In today’s Gospel, we read how Thomas doubted the resurrection of the Lord until he himself could see the wounds in his hands and side. We pray to our Father in heaven that He bless us with faith and that we, without seeing Jesus’s wounds, would be firm in our belief and loyalty to Him. We pray to the Lord.
That the Church will rededicate herself to living and proclaiming Christ’s compassion, love, mercy and forgiveness in all our dealings with our family, neighbors and particularly those who may have injured or offended us in the past. We pray to the Lord.
That the sacrificial love of Jesus may inspire everyone to sacrifice some of themselves for anyone in need. We pray to the Lord.
We pray for our young people that they reap the positive benefits of social media while treating their fellow brothers and sisters with the respect and love which Christ has shown to us in His mission on earth. We pray to the Lord.
We pray that You will be with the friends and families of the 11 people shot and killed in our country this past week and those injured from these same shootings. We further pray that our legislators will be inspired and encouraged to create laws to protect people from those who should not carry guns and to eliminate assault weapons from the hands of the regular citizen. Senseless shootings must stop and we ask Your intervention. We pray to the Lord.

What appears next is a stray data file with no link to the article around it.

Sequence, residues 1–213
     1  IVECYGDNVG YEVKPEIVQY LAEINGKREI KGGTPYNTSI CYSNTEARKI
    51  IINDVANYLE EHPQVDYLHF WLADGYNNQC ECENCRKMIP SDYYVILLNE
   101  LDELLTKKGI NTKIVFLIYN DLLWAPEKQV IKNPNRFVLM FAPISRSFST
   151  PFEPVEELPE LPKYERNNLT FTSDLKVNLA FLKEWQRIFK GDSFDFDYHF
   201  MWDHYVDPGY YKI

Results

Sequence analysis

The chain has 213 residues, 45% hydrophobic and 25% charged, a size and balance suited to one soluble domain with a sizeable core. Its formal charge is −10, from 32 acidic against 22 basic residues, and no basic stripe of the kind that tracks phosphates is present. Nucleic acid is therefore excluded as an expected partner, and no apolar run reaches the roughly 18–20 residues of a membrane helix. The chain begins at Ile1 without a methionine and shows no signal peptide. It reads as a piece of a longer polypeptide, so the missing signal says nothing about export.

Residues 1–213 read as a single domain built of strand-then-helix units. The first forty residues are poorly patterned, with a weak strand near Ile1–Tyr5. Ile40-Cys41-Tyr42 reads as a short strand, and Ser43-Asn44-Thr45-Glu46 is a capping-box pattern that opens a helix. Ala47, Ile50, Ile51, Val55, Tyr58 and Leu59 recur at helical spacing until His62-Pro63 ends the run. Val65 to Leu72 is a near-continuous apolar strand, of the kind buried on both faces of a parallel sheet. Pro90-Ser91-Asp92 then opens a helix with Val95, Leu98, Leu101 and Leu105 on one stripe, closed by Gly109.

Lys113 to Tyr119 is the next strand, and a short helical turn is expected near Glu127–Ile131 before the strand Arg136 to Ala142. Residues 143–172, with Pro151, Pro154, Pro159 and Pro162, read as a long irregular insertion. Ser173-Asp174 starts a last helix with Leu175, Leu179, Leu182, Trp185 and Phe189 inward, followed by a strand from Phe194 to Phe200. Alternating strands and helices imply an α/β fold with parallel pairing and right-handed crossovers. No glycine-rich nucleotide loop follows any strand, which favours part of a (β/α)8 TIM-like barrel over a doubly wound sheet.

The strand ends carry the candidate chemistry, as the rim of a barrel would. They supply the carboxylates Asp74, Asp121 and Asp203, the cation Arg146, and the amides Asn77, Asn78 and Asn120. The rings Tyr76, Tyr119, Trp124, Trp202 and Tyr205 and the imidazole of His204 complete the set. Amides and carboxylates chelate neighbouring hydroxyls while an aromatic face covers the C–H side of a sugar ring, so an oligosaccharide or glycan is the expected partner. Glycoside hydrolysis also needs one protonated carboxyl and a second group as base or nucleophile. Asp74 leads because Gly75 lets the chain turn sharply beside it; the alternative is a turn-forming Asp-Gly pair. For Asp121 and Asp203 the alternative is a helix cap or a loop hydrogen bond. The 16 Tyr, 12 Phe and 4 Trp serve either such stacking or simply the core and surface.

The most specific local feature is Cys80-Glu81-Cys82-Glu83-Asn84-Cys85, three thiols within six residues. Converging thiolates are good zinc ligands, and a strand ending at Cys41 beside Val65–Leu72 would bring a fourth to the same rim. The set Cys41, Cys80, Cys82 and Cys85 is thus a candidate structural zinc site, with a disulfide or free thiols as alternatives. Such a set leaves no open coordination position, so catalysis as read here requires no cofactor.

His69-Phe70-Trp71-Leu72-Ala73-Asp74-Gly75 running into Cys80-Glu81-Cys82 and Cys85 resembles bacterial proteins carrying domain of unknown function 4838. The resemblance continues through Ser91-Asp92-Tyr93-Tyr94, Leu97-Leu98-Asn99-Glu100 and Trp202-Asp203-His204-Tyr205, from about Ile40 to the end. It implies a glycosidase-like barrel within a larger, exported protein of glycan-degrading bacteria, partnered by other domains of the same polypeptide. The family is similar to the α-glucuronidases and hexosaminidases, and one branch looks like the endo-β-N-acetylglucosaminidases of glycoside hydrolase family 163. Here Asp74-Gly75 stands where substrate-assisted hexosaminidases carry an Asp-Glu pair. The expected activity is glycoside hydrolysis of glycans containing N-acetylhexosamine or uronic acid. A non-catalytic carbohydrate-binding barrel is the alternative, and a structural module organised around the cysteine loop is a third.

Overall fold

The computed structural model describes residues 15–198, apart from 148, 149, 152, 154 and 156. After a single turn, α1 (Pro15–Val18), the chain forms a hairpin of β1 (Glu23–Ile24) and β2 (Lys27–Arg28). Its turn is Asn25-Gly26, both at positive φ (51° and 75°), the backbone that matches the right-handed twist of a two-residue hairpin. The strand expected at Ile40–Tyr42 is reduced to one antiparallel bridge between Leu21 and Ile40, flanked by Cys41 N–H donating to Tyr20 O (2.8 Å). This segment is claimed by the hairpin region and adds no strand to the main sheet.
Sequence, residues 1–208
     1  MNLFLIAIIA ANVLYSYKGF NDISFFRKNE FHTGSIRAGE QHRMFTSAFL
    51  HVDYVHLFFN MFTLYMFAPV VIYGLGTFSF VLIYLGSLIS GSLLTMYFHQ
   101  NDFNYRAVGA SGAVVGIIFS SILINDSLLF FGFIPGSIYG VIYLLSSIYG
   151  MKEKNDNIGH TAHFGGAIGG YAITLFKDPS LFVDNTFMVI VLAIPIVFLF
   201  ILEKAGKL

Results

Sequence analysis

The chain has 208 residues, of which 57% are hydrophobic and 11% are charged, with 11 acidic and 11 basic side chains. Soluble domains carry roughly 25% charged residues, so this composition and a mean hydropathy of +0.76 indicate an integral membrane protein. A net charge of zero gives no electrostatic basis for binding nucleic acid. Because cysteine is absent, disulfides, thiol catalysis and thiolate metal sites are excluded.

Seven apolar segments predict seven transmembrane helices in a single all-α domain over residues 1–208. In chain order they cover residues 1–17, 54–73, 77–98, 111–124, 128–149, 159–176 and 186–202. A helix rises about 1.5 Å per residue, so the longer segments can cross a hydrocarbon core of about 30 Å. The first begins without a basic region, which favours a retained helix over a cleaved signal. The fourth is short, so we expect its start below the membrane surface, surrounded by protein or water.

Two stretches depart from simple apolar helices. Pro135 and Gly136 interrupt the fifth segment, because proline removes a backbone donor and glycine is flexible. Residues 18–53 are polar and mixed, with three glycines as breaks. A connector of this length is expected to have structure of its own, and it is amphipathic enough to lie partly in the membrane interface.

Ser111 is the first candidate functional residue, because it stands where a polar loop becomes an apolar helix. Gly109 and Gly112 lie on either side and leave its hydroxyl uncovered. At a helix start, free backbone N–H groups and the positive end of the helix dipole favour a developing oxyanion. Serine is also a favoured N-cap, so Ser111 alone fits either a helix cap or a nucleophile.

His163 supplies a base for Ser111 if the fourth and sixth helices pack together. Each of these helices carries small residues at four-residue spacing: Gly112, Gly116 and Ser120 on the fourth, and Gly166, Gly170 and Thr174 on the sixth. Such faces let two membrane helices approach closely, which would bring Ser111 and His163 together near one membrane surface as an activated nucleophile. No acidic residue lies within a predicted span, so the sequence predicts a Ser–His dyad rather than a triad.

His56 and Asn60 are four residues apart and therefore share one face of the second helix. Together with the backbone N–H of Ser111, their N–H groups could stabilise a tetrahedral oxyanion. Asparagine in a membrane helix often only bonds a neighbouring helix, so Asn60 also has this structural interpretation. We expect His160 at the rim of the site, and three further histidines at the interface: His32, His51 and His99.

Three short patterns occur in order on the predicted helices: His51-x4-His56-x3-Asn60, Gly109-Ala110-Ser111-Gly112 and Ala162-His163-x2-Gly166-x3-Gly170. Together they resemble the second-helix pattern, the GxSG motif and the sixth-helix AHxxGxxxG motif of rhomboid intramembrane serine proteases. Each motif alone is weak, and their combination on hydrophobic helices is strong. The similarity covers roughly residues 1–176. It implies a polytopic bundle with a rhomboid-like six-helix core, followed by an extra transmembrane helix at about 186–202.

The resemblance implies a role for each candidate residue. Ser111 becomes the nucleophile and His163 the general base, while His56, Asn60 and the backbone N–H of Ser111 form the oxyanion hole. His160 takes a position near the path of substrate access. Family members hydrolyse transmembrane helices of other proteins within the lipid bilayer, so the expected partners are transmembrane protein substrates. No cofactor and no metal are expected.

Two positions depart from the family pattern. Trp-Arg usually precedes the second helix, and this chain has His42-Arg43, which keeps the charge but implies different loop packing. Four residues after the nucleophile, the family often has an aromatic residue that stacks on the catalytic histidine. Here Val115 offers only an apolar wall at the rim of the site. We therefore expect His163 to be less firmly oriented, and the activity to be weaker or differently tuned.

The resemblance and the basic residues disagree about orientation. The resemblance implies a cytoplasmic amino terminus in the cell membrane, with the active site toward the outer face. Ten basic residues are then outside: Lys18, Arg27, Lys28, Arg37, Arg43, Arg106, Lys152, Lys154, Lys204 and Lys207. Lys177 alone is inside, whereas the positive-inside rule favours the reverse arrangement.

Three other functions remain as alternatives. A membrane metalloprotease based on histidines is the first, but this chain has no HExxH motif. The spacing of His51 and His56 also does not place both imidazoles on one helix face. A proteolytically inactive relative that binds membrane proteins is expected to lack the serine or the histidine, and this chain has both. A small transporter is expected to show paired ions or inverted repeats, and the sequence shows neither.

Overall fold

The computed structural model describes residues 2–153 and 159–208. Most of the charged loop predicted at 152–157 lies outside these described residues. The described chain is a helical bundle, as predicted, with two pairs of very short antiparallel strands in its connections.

We pray that you will intercede in the genocide taking place in Ethiopia and protect the citizens from the atrocities taking place there. We pray to the Lord.
For those on our parish prayer list, that they may receive swift answers to their needs and that they may find consolation through Christ’s healing presence. We pray to the Lord.
We bow our heads and remember in silence our own personal intentions and the intentions of those who have asked for our prayers (pause). We pray to the Lord.
Father, as we reflect today on your great mercy, we thank you for the confidence and encouragement we have gained through the resurrections of our Lord, Jesus Christ. We pray that we sinners may be made worthy of your promise of salvation. Mighty God, with grateful hearts we welcome you on this Second Sunday of Easter, joyously repeating the ancient Christian greeting: "Christ is risen!" "He is risen indeed!" Accept now, we pray, our homage for the forgiveness and the promise of newness, in this life and beyond, which in Your amazing grace, You extend to us, through Him.
Father God, as we go through our new week ahead, give us the courage and inspiration to live in the example of our community of believers who helped the Apostles, and do likewise in the various ways that today’s society affords us. We ask all these things through Christ our Lord. Amen.
God Love You +++
The Most Rev. Robert Winzens
Pastor – St. Francis Chapel
San Diego, CA
Please help if you can, to keep our ministry alive and vibrant so that there is a place for the those needing respite from a troubled world! God Bless You +++